How to turn Purpose into Profit

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How to turn Purpose into Profit

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Even as a child, the world looked up to him. Craig Kielburger, founder WE Charity has been inspiring people to make a difference and helping them connect with their purpose.

What is Purpose? Craig shared his perspective at CMDC 2018 Conference and sees Purpose as your ‘why’ for the greater good. He believes that part of a company’s mission today must involve social purpose – as much for the greater good as for the good of the business: its customers, employees, and the community at large.

People today are tech-savvy, connected, as well as capable and willing see what is going on in the world. Just think of March For Our Lives and #EndBullying. There’s no question that youth have evolved into active change-makers. Craig cites proof of this with WE Day, which filled stadiums of young people, celebrities, and brands assembling to celebrate real people making a difference. He projected his passion for WE Day: the energy of a rock concert, but more a movement staged as the world’s largest youth empowerment experience. Recently in L.A., WE Day brought together over 16,000 students and educators to celebrate youth activism. Streamed live, and broadcast on ABC, it garnered the attention of leaders, influencers, and artists like social media sensation Selena Gomez.

For marketers, influencers are genuinely powerful when relevant and meaningful to a brand’s audience. As they grow in popularity, they gain their followers’ trust with organic content. The term “influencer marketing” increased by 325% in Google searches over 2017 – which awarded it the distinction of the fastest-growing online acquisition method.

To substantiate, Kielburger referenced a Microsoft ‘organic’ activation. Selena Gomez appeared centre stage at WE Day, in conversation with a teen computer whiz typing at a Microsoft Surface device. What connected the vastly different teens was the glue of purpose: encouraging girls to use technology to take action for social change.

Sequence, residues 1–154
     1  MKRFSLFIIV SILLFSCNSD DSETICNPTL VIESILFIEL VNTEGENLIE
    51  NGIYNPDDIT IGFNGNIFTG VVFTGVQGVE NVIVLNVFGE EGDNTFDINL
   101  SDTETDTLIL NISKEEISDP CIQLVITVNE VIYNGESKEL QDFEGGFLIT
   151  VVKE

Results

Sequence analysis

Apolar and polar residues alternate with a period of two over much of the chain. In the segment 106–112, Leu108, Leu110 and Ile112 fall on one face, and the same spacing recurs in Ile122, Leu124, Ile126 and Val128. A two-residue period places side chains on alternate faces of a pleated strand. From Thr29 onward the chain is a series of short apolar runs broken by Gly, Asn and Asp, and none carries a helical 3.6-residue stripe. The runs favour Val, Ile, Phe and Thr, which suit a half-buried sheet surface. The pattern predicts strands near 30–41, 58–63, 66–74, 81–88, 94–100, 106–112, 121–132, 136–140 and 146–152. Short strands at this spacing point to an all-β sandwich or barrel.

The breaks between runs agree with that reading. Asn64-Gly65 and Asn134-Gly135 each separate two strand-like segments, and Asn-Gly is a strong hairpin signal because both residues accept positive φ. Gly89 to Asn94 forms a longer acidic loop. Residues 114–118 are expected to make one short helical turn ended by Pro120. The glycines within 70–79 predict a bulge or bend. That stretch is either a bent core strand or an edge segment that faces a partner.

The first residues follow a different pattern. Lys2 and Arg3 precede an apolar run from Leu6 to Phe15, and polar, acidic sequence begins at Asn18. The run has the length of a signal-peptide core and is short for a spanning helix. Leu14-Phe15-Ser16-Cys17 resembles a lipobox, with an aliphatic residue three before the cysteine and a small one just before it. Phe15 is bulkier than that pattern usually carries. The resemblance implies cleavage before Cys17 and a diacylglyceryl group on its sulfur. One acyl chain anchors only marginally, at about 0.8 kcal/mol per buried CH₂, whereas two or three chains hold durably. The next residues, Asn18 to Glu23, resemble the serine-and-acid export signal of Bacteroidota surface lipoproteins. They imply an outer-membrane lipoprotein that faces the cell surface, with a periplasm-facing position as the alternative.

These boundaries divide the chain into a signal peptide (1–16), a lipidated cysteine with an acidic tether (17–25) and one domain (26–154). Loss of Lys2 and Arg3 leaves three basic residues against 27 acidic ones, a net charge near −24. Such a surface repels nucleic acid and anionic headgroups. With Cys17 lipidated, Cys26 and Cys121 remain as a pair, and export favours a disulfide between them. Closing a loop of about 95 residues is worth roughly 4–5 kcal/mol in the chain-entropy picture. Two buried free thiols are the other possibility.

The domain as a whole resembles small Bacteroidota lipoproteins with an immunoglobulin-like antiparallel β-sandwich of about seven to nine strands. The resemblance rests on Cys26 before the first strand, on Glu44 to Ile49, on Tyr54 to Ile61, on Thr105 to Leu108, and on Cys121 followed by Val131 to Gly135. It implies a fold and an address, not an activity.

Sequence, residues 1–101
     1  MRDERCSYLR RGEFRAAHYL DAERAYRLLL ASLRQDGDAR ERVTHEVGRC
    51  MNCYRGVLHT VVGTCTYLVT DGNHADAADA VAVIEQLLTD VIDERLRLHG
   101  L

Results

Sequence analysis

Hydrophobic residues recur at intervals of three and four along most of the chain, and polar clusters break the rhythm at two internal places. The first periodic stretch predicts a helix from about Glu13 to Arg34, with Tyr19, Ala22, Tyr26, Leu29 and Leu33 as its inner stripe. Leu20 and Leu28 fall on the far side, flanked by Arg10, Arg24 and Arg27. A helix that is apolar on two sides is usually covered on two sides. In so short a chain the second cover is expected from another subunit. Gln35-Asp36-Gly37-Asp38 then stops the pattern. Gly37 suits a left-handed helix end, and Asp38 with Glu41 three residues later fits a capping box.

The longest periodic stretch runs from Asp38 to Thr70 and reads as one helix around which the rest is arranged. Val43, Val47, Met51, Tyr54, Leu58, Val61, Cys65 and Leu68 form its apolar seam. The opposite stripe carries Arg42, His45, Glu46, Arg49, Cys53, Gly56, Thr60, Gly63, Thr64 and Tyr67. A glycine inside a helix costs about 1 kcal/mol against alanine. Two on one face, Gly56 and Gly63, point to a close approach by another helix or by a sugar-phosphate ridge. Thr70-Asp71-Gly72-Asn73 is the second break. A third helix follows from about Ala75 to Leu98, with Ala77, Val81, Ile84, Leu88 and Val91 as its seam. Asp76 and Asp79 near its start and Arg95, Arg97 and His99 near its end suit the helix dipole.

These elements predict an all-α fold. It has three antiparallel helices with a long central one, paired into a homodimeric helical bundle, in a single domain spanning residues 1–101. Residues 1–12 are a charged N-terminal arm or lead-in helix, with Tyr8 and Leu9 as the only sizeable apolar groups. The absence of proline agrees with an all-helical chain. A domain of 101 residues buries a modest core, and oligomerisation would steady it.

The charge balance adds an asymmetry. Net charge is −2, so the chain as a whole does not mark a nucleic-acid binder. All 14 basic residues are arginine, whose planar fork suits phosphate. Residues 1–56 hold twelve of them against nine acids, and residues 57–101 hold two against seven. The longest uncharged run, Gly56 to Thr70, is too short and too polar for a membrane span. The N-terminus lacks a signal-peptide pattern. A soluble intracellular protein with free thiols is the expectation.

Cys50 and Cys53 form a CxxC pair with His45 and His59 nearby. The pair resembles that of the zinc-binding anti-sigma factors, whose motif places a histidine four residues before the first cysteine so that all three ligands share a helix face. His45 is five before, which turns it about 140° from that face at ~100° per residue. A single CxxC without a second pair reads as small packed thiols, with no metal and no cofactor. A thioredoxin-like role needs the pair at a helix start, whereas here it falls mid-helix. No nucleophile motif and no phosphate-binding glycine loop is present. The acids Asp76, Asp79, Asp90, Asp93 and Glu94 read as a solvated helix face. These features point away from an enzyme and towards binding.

But Gomez isn’t and wasn’t a Microsoft spokesperson. On that stage in front of thousands, and on the TV broadcast that aired later to millions, the celebrity with the most Instagram followers became an unofficial brand ambassador. Gomez demonstrated that it’s hip to use technology to code, to communicate and to effectively change the world.

The impact for Microsoft created a groundswell of attention and the brand was viewed as 1.4x more likely to be considered ‘cool’.

So, how do you leverage Purpose? The answer: Differentiate your product. And make it pop.

Über cool California retailer Pacsun teamed with the ME to We organization to
support social enterprise programs in a commitment to global change. With a scale of 650 stores in the US – marketed to stylish, west-coast teens – a collection of ‘Kardashian’-inspired designs, they retained their brand challenge to sell basics: the simple white Tee.

Especially in the age of Amazon, with competitive pricing and convenience, the solution was more meaningful than just the product: bring purpose back to the brand by making it pop with meaning. Technology enabled youth to track every purchase to the source of impact. That might be as profound as cleaner water sources or the immunization of children. The results: 3-million people received access to clean drinking water thanks to Pacsun-purchased product. Not only could shoppers witness their global impact, they amplified the message across social media, thereby reinforcing Pacsun’s purpose-driven and positive brand reputation.

Kielburger posits the fundamental question we must always ask ourselves: What is our purpose? What is our purpose as a network? As a magazine? As a brand? And how will we amplify it to engage audiences that will listen? Take, for example, Tesla’s purpose beyond a car brand. It’s about creating a sustainable world. Just as is WE organization’s purpose: making good, doable.

CEOs today wish to be seen not just as leaders of business, but also as champions of social causes. In their communities and among their peers. And, increasingly, business people want to create companies that do good.

Key Insights from Craig Kielburger

1. When social change is profitable the economy, the individual, and the community thrives.

2. Today, with so many purchases tied to our identity, and social media channels that effectively create our own personal brands, consumers want to feel they are buying into a cause or movement that’s genuinely meaningful.

3. Purpose is one of the greatest motivators for your brand.

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